A comprehensive system, in my book, does not have some good schools in some leafy suburbs and second-rate schools in other areas served by those who have always had the lousiest deal. It has decent schools for every child, so that those living in the leafy suburbs might, just for once, want to send their children across cities, across

12 Feb 2001 : Column 30

boroughs and out of the immediate neighbourhood into schools that have improved so dramatically and have specialisms so attractive that no parent in their right mind would want to eschew them.

Mr. Ben Bradshaw (Exeter): I warmly welcome the extra boost announced today for teacher recruitment and retention. However, will my right hon. Friend say a little more about how he intends to help students already on BEd courses who, as he will be aware, feel that they have missed out on the very generous help being given for postgraduate one-year courses and who are looking for a bit of help from this?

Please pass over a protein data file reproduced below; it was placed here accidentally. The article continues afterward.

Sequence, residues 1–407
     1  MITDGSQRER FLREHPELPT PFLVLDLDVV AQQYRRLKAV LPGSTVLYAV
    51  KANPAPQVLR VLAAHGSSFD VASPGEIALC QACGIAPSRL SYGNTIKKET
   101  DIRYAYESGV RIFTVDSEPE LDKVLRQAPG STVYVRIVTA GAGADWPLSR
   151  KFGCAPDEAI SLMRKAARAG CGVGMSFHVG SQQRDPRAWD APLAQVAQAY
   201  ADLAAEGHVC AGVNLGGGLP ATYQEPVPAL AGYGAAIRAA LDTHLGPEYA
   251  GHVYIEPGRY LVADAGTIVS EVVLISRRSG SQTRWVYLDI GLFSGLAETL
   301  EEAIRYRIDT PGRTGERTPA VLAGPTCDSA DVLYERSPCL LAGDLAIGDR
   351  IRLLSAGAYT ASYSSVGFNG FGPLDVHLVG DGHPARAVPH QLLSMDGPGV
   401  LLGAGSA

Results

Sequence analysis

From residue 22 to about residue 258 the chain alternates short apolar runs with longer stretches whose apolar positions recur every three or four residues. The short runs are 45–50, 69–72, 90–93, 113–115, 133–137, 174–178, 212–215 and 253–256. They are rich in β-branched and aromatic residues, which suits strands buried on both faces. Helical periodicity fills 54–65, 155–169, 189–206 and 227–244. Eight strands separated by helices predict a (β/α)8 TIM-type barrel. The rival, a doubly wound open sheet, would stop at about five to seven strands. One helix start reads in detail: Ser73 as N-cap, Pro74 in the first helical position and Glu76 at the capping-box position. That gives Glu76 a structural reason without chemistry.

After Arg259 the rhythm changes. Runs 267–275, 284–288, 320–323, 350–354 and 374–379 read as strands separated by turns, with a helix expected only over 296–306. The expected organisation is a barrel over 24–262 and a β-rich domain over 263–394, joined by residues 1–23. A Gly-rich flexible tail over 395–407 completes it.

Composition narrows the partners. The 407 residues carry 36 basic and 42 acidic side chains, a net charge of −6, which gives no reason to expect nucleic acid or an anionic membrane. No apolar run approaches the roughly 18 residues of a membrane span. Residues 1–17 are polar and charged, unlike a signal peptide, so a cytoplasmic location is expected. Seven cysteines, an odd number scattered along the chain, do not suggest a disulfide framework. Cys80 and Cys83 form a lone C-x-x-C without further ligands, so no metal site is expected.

Mr. Blunkett: If my hon. Friend looks at paragraph 12 of chapter 5, he will see listed a range of ways in which we might be able to help BEd and BA students who are taking undergraduate courses in education. The options on which I want to consult involve being able to pay students in their fourth year of a four-year course, reaching a point when they might be able to take up the induction year and therefore gain qualified teacher status. We are also looking at students taking up the equivalent of the graduate teacher programme in the fourth year, or taking sufficient modules during the four-year course to have reached the point in the fourth year at which they can take up QT status automatically--apologies to the Gallery, if anyone is still listening, for the jargon.

Next Section

IndexHome Page